Open Access Journal

ISSN: 2183-2803

Article | Open Access

The Influence of a Migration Background on Attitudes Towards Immigration

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Abstract:  Migration is an ever-increasing phenomenon that is unfailingly the topic of public discourse. Recently, empirical interest has expanded to include the study of attitudes towards immigration. However, the focus usually lies on the opinion of natives, that is, persons without a migration background. This is unfortunate, because in many countries the proportion of people with a migration background is quite high, and many of them hold the citizenship of the receiving country. I expect individuals with a migration background to have more favourable attitudes towards immigration than the general population because they can identify more strongly with other immigrants due to their own migration history. Furthermore, I expect this difference to decrease with each subsequent migrant generation, with earlier generations holding more positive attitudes than later generations. For the analyses, I pooled data from the 2008–2016 rounds of the American General Social Survey. The subsample used included 7,362 respondents, 2,811 of whom had a migration background. Moreover, the data set allowed the differentiation of three generations of migrants. The results support the theoretical expectations. Persons with a migration background had more favourable attitudes towards immigration compared to those without a migration background. However, a closer look revealed that this is the case only for first-generation immigrants. The attitudes of second- and third-generation immigrants differed from each other on the 5% level, but the attitudes of neither group differed from that of the general population when the migrants’ regional origins were controlled for.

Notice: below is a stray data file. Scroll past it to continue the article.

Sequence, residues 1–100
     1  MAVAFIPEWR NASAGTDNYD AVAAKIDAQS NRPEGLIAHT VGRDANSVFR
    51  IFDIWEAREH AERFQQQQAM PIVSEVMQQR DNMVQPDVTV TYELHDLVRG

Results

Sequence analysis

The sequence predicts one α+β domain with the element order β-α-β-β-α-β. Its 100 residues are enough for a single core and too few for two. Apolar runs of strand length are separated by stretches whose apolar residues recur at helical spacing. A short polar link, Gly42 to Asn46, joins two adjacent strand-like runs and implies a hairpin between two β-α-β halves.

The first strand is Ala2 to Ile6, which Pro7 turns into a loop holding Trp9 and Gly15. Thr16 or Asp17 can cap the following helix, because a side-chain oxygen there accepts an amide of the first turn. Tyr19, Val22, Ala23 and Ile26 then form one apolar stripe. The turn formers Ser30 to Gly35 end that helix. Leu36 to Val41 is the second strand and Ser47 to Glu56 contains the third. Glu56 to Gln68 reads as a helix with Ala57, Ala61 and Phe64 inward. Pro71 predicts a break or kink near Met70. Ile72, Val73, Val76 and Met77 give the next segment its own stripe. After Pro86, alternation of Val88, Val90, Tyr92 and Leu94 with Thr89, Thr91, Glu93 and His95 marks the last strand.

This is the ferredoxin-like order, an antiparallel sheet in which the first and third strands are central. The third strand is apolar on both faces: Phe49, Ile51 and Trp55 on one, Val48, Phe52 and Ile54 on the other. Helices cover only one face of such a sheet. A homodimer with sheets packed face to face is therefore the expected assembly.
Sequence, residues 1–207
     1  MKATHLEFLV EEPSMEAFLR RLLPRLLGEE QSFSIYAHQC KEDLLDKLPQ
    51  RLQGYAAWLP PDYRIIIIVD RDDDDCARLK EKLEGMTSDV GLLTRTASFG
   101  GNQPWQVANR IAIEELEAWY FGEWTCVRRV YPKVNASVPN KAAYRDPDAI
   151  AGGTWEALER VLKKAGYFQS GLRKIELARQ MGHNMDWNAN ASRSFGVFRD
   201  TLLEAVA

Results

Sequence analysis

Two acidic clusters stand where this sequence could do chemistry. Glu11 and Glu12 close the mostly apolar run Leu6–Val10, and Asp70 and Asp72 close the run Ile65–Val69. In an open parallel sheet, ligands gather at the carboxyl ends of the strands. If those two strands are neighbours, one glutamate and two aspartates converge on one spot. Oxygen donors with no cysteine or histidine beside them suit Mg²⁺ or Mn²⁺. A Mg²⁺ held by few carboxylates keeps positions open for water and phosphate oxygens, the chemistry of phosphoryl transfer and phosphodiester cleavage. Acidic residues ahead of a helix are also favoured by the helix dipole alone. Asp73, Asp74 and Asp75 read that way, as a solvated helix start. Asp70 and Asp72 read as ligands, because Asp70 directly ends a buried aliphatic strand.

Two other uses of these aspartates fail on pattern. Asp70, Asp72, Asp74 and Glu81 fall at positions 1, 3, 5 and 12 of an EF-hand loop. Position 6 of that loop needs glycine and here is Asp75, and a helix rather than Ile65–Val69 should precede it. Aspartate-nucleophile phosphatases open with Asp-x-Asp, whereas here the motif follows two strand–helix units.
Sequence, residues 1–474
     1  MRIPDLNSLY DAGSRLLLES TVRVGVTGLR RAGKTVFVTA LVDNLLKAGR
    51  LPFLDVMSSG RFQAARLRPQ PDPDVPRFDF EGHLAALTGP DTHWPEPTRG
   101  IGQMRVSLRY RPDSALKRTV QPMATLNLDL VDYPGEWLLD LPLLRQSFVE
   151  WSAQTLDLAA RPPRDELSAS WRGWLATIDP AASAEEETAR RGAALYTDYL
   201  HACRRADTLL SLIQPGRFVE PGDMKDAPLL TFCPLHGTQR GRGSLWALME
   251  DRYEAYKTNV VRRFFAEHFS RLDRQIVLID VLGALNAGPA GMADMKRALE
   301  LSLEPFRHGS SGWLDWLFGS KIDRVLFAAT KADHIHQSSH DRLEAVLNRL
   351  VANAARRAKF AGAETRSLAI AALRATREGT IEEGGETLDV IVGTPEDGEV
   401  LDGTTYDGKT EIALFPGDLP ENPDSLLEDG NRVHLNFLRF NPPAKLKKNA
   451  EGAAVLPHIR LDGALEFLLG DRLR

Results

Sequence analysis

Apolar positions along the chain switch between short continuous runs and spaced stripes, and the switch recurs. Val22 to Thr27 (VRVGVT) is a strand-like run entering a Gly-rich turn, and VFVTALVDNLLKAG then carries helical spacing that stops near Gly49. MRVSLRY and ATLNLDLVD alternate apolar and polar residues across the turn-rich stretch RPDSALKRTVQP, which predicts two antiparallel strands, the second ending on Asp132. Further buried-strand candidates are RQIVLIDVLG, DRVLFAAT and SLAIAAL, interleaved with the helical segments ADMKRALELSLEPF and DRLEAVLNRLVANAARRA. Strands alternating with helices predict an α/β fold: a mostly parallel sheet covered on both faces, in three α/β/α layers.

Keywords:  attitudes towards immigration; immigration; migrant generation; American General Social Survey



© Charlotte Clara Becker. This is an open access article distributed under the terms of the Creative Commons Attribution 4.0 license (, which permits any use, distribution, and reproduction of the work without further permission provided the original author(s) and source are credited.